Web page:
Gut was originally published in Germany and then translated a few years later. It does lose a little in translation (the humor works better in German). Overall this is a good introduction to what’s going on from the spoon all the way to the bowl, so to speak.
At the time Ender’s wrote this book she was a medical student. As a teenager she’d had health issues that were difficult to diagnose, which spurred her interest in the gut. Since this book was published there has been a lot more attention to our digestive system and the bacteria it includes, although Enders is probably right that the cardiac and nervous systems are still given more attention. Nevertheless, given all the books sold on diets of every type and claims why one is better than the other, it’s a good idea to know what’s inside our bodies doing all the work to process what we ingest. When I have suggested this book to friends, their first reaction is usually a grimace, who wants to read about spit, the small intestine, bacteria and poop? Fear not, Enders makes all of these digestive functions and organs interesting and relevant, consider it an owner’s manual of sorts.
I learned a lot of things in this book: saliva includes a painkiller, without which we probably would have mouth pain all the time; the surface area of our digestive tract is greater than our skin; humans can vomit, horses can’t (if only cat’s couldn’t). After covering the organs of the digestive system, Enders moves on to the more recently “discovered” superstars: bacteria. Enders covers a lot of ground, explaining the broad groups of bacteria found in our guts, and what they may or may not do. Enders includes many claims about the gut with quick references to studies or individuals without getting into a lot of details. Some of the things she asserts may not actually be true. For example: blood types being determined by bacteria, reptile feces in chicken feed being the source of salmonella bacteria in eggs in Germany, and several others. That said, claims about our bacteria illuminate that there is a lot about our bacterial companions we don’t know and will likely learn more about in the years to come. It will be interesting to learn what some of studies being done into autoimmune diseases and our bacteria reveal, as well as connections between our bacteria and our emotions.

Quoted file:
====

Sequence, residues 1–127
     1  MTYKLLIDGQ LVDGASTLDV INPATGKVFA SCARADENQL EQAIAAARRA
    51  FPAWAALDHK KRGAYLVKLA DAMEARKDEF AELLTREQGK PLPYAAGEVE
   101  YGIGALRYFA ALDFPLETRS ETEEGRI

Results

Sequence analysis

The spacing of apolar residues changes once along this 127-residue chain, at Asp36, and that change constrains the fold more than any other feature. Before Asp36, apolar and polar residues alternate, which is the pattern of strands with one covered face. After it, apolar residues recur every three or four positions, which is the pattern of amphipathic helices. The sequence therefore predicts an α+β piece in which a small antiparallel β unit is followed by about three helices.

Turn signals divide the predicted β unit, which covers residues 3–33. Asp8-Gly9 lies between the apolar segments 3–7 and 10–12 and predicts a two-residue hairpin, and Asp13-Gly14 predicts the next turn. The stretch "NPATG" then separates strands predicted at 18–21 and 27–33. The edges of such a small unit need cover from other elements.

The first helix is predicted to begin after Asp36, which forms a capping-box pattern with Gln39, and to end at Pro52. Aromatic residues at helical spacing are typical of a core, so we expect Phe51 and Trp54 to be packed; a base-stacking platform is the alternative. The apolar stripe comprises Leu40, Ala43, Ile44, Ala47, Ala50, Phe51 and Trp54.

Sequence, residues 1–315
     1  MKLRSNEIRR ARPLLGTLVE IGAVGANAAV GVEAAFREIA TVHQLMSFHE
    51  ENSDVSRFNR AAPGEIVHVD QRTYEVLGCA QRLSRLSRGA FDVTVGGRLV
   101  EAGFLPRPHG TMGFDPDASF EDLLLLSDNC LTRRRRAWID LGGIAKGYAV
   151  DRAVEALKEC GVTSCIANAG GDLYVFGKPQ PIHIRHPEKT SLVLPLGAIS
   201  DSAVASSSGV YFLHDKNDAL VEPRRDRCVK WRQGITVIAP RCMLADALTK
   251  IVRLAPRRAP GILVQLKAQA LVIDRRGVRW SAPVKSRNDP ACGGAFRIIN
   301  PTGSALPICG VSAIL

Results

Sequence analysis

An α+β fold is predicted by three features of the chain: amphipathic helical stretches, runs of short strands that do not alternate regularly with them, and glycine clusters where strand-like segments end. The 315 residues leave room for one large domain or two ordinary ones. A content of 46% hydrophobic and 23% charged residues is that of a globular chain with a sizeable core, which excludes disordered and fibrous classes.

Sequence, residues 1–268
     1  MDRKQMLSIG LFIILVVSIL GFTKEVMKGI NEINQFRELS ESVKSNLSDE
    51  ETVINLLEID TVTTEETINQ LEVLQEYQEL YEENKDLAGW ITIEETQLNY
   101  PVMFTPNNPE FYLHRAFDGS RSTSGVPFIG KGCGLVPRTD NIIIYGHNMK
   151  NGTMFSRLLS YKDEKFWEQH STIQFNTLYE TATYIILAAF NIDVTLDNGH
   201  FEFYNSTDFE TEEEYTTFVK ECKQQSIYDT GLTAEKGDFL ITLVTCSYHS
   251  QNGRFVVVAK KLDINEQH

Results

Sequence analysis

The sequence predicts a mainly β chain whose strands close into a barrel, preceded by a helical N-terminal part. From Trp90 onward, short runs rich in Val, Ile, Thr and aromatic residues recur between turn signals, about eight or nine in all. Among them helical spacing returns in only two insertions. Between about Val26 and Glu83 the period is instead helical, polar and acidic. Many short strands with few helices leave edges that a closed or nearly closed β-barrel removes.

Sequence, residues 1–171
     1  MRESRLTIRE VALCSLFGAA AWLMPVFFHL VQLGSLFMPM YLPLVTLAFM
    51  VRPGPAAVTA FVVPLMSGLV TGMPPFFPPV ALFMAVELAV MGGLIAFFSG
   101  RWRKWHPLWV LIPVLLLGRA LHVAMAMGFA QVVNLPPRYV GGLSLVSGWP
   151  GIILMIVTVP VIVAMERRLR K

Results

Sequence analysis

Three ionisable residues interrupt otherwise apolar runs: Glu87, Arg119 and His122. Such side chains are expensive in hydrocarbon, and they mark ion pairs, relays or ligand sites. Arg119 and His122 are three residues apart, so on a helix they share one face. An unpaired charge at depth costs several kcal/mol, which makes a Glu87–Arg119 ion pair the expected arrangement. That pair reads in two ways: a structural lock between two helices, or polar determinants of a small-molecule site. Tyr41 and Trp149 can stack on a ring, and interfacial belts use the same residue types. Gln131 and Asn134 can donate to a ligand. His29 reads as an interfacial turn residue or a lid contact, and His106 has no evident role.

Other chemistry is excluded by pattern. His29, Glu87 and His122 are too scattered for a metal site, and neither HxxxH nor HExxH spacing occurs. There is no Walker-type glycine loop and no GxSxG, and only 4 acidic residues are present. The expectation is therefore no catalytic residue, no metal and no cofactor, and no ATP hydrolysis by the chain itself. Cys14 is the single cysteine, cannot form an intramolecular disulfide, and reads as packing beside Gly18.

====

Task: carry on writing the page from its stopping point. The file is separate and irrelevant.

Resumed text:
Overall, this is a light and breezy look into our digestive system. If you’re interested and don’t want to read a medical tome or two, I recommend it.